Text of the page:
On the morning of Tuesday, June 12, Lacob and NBA hall-of-famer Jerry “Mr. Clutch” West, who is 74, drove from Oakland to Santa Cruz for a promotional meet-and-greet lunch with City of Santa Cruz officials, NBA executives and local business owners at the Crow's Nest restaurant.

The Warriors’ Vice President of New Franchise Development, Jim Weyermann, announced a sponsorship from Kaiser Permanente, which names the soon-to-be-built facility for the Santa Cruz Warriors the “Kaiser Permanente Arena.”

Lacob also took the opportunity to unveil the new Santa Cruz Warriors’ logo, which he designed. Reminiscent of the Golden State Warriors' bridge design, the logo has a yellow circle with a blue trident in its middle and reads, “SANTA CRUZ WARRIORS” around the circle's bottom.

“We came up with this three pronged approach,” he says. “The trident is a symbol of toughness—a warrior. It's also a nautical symbol. And third, it looks like a W. We were happy to put those three elements together and create something that showed a unique Santa Cruz approach but also had a Warriors feel to it.”

During the June 12 meet-and-greet, the audience on the second floor of the Crow's Nest gave Jerry West, who is on the Warriors' executive board, their full attention.

“I think you'll be pleasantly surprised by the professionalism of these young players,” West told the crowd. “They're here to prove a point. You're going to be surprised when you see how competitive these kids are.”

For his part, Lacob says he is also excited to have the opportunity to work in Santa Cruz.

“For the first time I can tell people I've got to go to Santa Cruz this weekend,” he laughs. “They're forcing me to go, where I hang out by the beach and watch basketball. Life won't be too bad.”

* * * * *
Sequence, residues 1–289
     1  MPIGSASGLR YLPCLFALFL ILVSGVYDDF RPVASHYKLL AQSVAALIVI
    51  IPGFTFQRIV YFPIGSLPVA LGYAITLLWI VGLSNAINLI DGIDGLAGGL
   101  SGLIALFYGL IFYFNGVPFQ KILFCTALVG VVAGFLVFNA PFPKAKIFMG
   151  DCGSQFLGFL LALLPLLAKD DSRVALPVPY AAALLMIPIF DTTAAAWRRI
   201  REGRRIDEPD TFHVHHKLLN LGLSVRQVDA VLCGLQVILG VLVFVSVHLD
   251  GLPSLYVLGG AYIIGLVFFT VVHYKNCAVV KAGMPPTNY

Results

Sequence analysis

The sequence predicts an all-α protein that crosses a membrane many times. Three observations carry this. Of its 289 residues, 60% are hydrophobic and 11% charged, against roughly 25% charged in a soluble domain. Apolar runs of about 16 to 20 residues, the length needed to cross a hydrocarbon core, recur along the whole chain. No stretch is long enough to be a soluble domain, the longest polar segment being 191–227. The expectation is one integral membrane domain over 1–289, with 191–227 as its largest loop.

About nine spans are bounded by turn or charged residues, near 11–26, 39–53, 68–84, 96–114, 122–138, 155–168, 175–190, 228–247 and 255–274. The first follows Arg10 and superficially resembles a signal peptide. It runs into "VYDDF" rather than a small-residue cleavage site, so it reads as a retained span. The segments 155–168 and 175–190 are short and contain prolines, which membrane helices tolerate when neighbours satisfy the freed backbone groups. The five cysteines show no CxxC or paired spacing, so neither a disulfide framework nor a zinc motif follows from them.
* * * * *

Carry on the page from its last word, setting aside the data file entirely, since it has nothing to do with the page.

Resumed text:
Comments (5)Add Comment
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written by a guest, June 20, 2012
Really well written article! Can't Wait for the D-league to show up, its really going to help out the city in so many ways!
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written by a guest, June 19, 2012
The respect for the league continues to grow and hopefully it continues to expand to 30 teams. I can't wait to go to Santa Cruz Warriors games and watch the progression of the players. It will be exciting to see some of them go on to the next level as well. And it's great that the Santa Cruz community finally has a professional sports team that they can call their own.
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written by a guest, June 19, 2012
Young kids are increasingly deciding to go play overseas rather than go to college. While I don't agree with skipping a chance to play in college, the D-league could potentially be an alternative to these players going overseas which would at least keep the talent over here.
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written by a guest, June 19, 2012
The D-league also allows for NBA teams to develop their project players who are too raw to go straight to the league. There are so many players who have the physical tools to be good but haven't mastered the fundamentals. With a few years in a minor league system they can develop the skills necessary to compete at the highest level. For example, the warriors have 4 picks in the upcoming draft but most likely only two of them will make the NBA roster, so the Santa Cruz Warriors allows them to keep the others under contract and develop them in the D-league.
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written by a guest, June 19, 2012
The D-league is great for the sport of basketball. With only 15 roster spots per NBA team, it is very hard for players to make it into the league without playing at a major school. The D-league finally gives those not-so-recognized players or late bloomers a chance to be noticed and eventually make it to an NBA team.